yung-lysenko-deactivated2014040 asked: Why do you not favor Ron Paul running for President in 2012? Old age?
I mean if I think there is one man capable of running this country, one man who truly understands American monetary and fiscal policy, it is Ron Paul. I could not ask for a more perfect candidate to run!
Oh, I’m not saying I don’t support him winning — I absolutely support that. But let’s be realistic: He’d be treated with more respect, hopefully, this time around, but the Republican Party would never give him the nomination. And if he ran independent…well, we all know how that would go. It’s the running in current conditions I oppose, not the winning.
As for old age — nah. I don’t care about that, though I’m not naive enough to think that the voting public shares my view.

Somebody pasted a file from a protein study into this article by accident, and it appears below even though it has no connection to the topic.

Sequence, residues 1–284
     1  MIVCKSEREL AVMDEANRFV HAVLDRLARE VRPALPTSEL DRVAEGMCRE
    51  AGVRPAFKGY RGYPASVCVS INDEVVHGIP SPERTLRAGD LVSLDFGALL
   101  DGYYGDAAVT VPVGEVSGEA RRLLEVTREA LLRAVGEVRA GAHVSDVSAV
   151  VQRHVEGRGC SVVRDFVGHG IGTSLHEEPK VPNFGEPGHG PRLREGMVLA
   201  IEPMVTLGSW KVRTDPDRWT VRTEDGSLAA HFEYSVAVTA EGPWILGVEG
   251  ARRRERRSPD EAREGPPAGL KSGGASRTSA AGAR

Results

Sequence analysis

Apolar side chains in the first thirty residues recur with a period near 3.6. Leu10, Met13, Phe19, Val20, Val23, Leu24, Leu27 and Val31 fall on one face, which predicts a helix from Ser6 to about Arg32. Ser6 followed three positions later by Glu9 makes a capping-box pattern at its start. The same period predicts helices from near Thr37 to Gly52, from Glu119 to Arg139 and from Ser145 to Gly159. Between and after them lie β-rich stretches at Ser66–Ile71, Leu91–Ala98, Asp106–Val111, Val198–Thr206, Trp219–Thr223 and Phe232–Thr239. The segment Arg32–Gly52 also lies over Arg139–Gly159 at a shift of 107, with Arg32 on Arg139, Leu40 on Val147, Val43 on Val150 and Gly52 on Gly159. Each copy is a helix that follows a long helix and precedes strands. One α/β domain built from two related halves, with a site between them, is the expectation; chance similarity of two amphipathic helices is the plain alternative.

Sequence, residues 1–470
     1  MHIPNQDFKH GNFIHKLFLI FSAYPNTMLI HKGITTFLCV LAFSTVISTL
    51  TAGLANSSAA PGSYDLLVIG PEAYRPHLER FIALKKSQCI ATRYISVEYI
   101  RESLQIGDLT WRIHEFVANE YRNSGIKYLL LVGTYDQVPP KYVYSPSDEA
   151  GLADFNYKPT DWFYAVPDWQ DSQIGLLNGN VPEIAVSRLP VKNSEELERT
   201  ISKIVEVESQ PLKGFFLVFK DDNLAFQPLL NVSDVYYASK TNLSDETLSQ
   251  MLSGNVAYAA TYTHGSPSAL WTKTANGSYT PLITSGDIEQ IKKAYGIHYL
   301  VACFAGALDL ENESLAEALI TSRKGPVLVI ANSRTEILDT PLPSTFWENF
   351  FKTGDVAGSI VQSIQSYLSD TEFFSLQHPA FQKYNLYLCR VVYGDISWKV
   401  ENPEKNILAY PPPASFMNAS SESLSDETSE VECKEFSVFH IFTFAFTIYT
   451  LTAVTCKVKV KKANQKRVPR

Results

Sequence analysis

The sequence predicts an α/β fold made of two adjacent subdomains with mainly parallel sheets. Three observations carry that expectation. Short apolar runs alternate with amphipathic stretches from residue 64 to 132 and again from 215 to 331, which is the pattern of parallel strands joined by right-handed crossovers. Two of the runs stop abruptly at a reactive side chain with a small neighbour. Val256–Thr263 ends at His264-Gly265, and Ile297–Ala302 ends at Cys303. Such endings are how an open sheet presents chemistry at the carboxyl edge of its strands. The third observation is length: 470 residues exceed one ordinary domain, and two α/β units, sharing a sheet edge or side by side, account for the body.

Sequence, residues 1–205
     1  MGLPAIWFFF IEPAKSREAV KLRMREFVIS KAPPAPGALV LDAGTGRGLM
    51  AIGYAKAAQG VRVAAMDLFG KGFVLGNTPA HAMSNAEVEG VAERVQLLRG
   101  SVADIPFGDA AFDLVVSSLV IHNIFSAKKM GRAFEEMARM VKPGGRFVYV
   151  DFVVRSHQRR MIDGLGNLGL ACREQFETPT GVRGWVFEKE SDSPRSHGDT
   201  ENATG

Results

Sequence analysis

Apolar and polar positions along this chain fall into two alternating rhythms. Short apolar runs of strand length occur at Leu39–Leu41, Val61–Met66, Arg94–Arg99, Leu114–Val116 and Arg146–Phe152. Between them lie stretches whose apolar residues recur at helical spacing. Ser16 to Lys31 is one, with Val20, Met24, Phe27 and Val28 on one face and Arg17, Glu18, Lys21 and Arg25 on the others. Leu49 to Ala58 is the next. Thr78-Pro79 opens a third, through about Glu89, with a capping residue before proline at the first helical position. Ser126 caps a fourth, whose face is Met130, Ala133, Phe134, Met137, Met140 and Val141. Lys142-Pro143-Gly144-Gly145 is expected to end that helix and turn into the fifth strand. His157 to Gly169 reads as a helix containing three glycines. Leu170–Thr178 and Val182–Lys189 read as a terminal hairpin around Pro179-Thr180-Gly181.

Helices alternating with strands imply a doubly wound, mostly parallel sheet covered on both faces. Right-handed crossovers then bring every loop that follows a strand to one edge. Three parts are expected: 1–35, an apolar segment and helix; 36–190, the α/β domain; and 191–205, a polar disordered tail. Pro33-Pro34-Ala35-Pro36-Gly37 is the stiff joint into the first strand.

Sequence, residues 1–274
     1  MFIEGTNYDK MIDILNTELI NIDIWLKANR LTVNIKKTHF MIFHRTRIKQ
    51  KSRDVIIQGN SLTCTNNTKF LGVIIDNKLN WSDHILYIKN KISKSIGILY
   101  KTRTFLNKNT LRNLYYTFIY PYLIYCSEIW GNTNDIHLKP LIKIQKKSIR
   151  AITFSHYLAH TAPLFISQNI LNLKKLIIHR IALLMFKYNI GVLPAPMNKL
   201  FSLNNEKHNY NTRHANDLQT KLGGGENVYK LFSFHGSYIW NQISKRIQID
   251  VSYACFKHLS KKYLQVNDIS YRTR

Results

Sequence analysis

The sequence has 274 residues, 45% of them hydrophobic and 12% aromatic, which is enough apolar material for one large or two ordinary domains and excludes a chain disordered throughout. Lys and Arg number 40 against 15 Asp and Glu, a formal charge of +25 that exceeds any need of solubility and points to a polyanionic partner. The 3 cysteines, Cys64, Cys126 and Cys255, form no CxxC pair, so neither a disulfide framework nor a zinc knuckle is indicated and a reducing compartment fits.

In a nutshell, what I think is this: Remember how Ralph Nader ran a bunch of educational campaigns? The first couple times it was a good thing for his cause. He forced discussion of issues that might otherwise have been ignored. But with each successive campaign, he was taken less and less seriously, until finally the Green Party wouldn’t even have him as their candidate. I don’t say that to trivialize Nader, but simply to state a fact.
The thing is, Nader rose to fame in a mostly pre-internet America. With the internet, everything happens faster — much faster. That’s why I think Ron Paul has more to lose running than not: It might not take three or four campaigns nowadays to get to Nader’s position. It might only take two. The first time is educational, the second failure.
My second reason is that Ron Paul’s in a good place right now. He’s on the news all the time, sharing his views with massive audiences. He’s chairing the monetary policy subcommittee. He has a committed and active grassroots base and good fund-raising abilities. What would he gain from running again?